Northern Colorado’s Gene and Dean Olson, 73, are rodeo men.
“We always had horses at the house and started rodeoing in junior high at the youth rodeos and went to college and rodeoed in the college circuit,” Gene said. “We both started team roping before we went to college.”
In the summers, they still manage to practice twice a week and will head out for weekend jackpots or team ropings, but team roping isn’t the only endeavor the twins have pursued together.
“Dean joined [the Larimer County Sheriff’s Posse] first, 45 years ago,” Gene said. “He got me interested in it, so, three years later, I joined. I did the training at the Academy and everything that’s required and stayed a Posse for 43 years.”
“Posse” comes from the Latin term posse comitatus, which translates as “power of the county.” In applicable terms, a sheriff’s posse is a group of volunteer citizens who have been deputized by the county to operate as peacekeepers in times of need. Depending on the training they’ve undergone, Posse members can operate in the same capacity as a street deputy, according to Gene.
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“The Academy, when you first go through it, that’s twice a week and every Saturday and that goes on for five months. And the pistol qualifications, we usually have to qualify every quarter with our service weapons. So, if you’re P.O.S.T.-certified (Peace Officer Standards and Training), then you’re doing the same thing that a street deputy does. But our time is strictly voluntary.”
When asked what would compel a person to volunteer for such rigorous training and commitments for 43 years, Gene’s rodeo roots begin to show.
“It’s just a way to give back to the community. The Posse puts on a youth rodeo every year out at Larimer County Fair. I’ve produced that for the last 35 years and I stepped down this last year. We do a lot of work with the Santa Cop program. We help out in the communities, like the severe fires that we’ve had. … It’s a challenge, but you just go do it. That’s what we do.”
Of course, all of these commitments occur outside of Posse members’ work schedules, explains Gene, who spent 35 years of his career with camera giant Eastman Kodak running heavy equipment and then supervising their maintenance department. After retiring from there, he then spent a few more years with Poudre Valley Co-op, a local agricultural supply store.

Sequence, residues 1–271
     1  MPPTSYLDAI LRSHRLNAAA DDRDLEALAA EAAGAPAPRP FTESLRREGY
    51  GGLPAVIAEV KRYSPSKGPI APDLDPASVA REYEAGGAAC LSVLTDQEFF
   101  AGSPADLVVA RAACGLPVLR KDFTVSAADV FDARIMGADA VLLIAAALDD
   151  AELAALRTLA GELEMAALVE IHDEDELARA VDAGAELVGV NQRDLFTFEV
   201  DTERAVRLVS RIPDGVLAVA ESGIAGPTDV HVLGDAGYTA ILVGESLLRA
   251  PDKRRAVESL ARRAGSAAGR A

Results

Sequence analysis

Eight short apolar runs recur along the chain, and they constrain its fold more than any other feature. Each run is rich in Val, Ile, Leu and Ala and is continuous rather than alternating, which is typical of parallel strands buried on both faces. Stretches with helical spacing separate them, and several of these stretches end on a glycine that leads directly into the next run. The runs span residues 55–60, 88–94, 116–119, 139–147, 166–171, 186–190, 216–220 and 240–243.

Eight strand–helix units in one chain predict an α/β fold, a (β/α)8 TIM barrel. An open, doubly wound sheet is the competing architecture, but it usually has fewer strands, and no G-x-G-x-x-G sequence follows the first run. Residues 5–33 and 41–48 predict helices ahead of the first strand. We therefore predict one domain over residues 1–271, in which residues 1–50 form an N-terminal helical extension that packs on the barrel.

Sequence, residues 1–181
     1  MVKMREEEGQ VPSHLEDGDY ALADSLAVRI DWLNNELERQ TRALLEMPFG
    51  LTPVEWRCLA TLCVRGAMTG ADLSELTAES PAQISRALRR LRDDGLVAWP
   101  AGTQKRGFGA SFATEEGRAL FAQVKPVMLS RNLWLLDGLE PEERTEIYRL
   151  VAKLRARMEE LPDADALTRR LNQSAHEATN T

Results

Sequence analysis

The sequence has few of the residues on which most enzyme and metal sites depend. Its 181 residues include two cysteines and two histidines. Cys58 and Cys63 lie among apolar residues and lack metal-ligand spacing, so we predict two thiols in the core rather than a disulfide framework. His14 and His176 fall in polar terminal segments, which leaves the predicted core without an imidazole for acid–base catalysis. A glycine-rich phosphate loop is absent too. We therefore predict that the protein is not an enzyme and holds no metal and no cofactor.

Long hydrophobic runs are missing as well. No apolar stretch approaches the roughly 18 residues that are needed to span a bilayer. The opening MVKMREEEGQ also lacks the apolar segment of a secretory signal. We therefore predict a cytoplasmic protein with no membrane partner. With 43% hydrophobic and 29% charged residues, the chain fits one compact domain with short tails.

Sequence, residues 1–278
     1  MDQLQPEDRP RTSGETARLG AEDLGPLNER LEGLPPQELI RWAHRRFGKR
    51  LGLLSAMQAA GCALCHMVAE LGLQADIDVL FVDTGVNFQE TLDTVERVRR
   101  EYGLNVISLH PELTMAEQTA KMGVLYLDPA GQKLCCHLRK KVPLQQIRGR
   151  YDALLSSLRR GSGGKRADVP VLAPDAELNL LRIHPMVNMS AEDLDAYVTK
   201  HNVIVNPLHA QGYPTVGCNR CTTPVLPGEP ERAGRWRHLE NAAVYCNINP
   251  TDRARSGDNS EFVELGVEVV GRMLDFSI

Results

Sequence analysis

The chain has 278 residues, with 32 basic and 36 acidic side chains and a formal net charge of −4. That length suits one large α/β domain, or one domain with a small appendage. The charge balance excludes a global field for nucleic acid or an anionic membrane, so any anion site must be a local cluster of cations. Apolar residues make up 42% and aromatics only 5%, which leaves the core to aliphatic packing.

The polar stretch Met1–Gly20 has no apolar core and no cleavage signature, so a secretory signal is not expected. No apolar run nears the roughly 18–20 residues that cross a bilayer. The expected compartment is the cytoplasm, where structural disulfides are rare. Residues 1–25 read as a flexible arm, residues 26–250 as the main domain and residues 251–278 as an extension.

During Colorado’s High Park fire in 2012, Gene credits his supervisor with making it possible for Gene to volunteer.
“My supervisor … knew how important it was to get the animals out of there and he worked with me a lot. The nights I was out all night long bringing in animals, all I had to do was give him a phone call and just tell him I was out all night and just getting home, and he’d give me a break. He’d say, ‘Lay down and rest and if you come in later this afternoon, that’d be great.’ Of course, on the weekends, we were out 24/7.”
The Posse isn’t all hard work and long hours, though. In fact, some of Gene’s greatest accomplishments in the rodeo arena were courtesy of the Posse.
“All the posses that were in the state of Colorado, we used to get together and have a state finals rodeo every year someplace in the state. I went to 38 of them in my 43-year career in the Posse, and I’ve got 93 first-place buckles and 14 All-Around Cowboy buckles. So that’s a big accomplishment for me.”
During an era in which posses across the state were in decline, the state finals came to an end, and Gene has turned over the reins of the Larimer County Youth Rodeo, but he’s won a few checks roping horns in the past year and is involved in the youth rodeo as much today as ever.
“I competed in it when I was a kid and my two daughters competed in it through the years, and now my grandkids are competing in it. One is 16, one 13, one 10. My oldest granddaughter is a team roper. And my little granddaughter, she runs barrels and is learning to rope calves. And my grandson, he helps on the ranch quite a bit that his mom and dad run, and he rides every day and he’s learning to rope and start out that way. It’s a rodeo family.”